Thousands of owners of vacant homes about to get Revenue tax demand

The tax authority is expected to write to around 25,000 owners of unoccupied homes initially.

A self-assessed tax, it will be charged at a rate of three times the Local Property Tax (LPT).

And the property tax will still have to be paid.

This means a house valued at €300,000 for the property tax would attract a vacant home tax of €945 if unoccupied, plus property tax of €315.

This would take the total to €1,260.

The Revenue Online Service (ROS), used mainly by the self-employed, companies and PAYE workers who need to declare untaxed income, has a special portal for people to file a return and pay the tax.

Any home that has been empty since last November 1 will be subject to the tax if it was used as a dwelling for less than 30 days between then and the end of next month.

The new self-assessed tax will be due for payment before next January.

The tax was announced in Budget 2023 with the aim of increasing the supply of homes for rent or purchase by encouraging the owners of vacant residential properties to bring them back into use.

The first chargeable period runs from November 1 last year to October 31 this year with self-assessed returns due by November 7.

The tax is payable on January 1 next year.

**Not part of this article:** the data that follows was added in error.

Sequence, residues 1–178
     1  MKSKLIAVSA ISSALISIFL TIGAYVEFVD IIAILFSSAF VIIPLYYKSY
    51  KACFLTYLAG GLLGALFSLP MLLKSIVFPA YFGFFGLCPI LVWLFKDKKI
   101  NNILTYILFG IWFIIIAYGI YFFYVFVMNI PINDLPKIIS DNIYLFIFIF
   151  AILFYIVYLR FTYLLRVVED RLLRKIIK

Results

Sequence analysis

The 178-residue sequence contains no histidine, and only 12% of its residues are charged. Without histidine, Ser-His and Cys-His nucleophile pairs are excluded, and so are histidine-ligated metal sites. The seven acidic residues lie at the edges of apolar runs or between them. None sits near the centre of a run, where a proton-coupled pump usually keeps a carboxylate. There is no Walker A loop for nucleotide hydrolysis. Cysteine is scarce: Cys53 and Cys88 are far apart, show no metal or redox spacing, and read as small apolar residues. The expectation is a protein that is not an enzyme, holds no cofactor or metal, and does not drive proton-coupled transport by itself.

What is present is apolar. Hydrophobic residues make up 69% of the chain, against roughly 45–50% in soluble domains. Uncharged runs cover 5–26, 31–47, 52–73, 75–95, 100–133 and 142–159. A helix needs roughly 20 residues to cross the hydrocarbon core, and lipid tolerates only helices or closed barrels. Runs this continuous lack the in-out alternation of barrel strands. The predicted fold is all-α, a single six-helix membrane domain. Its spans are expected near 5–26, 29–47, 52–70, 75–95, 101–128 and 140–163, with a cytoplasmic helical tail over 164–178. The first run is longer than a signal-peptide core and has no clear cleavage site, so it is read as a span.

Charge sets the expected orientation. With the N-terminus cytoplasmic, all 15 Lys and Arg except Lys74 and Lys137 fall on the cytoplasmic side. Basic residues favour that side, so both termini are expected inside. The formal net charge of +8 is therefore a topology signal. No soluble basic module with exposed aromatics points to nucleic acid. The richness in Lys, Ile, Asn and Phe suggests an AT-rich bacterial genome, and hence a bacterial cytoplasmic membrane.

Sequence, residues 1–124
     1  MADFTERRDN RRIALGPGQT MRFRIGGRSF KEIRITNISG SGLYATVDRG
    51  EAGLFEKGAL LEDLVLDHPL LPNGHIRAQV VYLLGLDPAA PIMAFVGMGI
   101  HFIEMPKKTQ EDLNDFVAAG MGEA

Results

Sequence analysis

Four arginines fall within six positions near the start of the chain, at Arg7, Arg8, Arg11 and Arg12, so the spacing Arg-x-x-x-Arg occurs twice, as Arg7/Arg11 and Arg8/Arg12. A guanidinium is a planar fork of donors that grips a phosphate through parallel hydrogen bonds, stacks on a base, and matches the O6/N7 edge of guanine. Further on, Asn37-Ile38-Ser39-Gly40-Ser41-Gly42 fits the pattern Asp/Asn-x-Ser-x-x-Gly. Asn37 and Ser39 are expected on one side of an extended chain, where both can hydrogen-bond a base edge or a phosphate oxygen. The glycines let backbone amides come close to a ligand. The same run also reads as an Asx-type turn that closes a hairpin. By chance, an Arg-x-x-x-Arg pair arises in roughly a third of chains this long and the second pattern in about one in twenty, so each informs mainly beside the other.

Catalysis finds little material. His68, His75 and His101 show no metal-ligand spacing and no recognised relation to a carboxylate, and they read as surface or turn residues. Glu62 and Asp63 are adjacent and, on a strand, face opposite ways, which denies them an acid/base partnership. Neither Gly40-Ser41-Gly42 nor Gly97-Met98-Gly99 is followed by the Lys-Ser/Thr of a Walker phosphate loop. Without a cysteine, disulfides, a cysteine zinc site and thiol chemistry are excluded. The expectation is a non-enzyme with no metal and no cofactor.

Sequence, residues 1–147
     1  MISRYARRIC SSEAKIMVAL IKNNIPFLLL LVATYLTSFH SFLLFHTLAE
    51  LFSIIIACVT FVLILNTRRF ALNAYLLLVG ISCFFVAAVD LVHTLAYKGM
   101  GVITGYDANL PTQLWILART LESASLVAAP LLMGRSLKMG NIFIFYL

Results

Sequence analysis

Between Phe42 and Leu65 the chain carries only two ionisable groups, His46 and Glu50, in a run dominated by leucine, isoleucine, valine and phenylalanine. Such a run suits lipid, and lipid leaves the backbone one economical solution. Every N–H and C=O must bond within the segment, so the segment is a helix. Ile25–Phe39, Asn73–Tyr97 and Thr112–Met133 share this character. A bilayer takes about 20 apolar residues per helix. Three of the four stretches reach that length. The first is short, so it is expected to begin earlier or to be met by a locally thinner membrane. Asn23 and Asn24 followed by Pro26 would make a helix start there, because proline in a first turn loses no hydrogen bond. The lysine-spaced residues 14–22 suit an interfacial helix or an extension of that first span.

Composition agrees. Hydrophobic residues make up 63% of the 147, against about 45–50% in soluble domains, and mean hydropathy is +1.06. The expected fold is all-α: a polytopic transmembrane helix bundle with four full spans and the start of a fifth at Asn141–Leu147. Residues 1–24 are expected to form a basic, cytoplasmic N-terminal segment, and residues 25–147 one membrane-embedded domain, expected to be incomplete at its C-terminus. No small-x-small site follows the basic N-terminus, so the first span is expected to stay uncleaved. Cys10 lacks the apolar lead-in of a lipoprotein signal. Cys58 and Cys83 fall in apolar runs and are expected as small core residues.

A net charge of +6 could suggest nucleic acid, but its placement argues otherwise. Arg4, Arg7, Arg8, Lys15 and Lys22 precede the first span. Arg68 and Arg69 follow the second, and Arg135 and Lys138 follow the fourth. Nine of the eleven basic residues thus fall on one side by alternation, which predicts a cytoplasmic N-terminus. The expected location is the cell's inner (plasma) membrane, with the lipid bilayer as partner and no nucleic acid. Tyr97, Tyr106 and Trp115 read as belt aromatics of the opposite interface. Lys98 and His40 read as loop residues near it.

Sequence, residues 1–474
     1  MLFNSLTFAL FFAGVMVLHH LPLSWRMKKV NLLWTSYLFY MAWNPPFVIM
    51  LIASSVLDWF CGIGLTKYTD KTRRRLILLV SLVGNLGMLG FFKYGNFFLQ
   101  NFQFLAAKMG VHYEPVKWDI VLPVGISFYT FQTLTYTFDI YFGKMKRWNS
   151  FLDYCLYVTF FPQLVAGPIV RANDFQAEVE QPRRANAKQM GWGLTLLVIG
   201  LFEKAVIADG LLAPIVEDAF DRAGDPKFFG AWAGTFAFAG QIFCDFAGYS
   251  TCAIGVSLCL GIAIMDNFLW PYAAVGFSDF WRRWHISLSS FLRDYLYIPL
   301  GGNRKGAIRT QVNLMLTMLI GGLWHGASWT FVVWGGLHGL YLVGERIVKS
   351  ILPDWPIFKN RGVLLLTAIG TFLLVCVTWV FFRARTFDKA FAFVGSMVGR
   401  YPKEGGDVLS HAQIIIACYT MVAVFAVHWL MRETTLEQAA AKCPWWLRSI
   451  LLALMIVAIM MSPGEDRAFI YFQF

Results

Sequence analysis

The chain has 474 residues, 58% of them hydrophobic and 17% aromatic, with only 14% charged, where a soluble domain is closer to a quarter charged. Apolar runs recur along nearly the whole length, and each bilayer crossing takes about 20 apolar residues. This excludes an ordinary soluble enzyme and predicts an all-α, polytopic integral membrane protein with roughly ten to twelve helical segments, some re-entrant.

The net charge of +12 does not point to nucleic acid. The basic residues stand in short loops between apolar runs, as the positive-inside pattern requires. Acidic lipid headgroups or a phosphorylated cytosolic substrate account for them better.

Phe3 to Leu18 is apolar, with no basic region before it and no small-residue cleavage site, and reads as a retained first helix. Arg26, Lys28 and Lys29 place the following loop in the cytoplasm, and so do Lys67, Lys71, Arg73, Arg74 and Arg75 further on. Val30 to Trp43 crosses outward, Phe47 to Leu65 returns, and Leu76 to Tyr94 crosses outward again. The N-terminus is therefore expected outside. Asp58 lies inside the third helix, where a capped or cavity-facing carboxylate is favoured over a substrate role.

The 2022 Census indicated a vacancy rate of 163,000 of the total 2.1m housing units in the country.

However, it is likely that a majority of these will not actually fall within the scope of the tax due to various exemptions.

These include cases where the property is actively marketed for sale, subject to probate, currently been renovated or in the case of a rental properties, between lets.

Where a property is vacant due to the extended hospitalisation of the owner, an exemption will also apply.

Sources indicate that when these categories are taken in to account approximately 62,000 units could fall within the tax.

It will not apply to derelict or uninhabitable properties.

The legislation underpinning the tax sets out a strict compliance regime, providing or the exchange of information between Revenue and bodies such as county councils which are required to maintain a register of vacant properties.

Marian Ryan, the consumer tax manager at, said the new tax was being introduced to increase the number of homes available to rent or buy, and might yield as little as €3m in a year.

Finance Minister Michael McGrath told Sinn Féin’s Pearse Doherty in a Dáil reply recently: “The estimated yield is low, as I anticipate this tax will influence behaviour and lead to property owners putting their vacant properties to more effective use.”

A survey conducted by on the vacant home tax in May revealed mixed views.

The research found 40pc of homeowners support the tax and think it will have a positive impact, while 15pc think it is a good idea, but should be levied at a high rate.

Just over a quarter of those questioned said they are not in favour of the tax as people should be allowed to do what they want with their properties.

Ms Ryan said figures from Revenue suggest there are just around 60,000 vacant properties in Ireland.

Holiday homes account for about a fifth of these, and another fifth are being refurbished.

Ms Ryan added that properties that are vacant due to refurbishment are not liable for the new tax, and many holiday homes will be exempt too, depending on how often they are used.

To claim an exemption, a property owner must make a tax return for the vacant homes tax.

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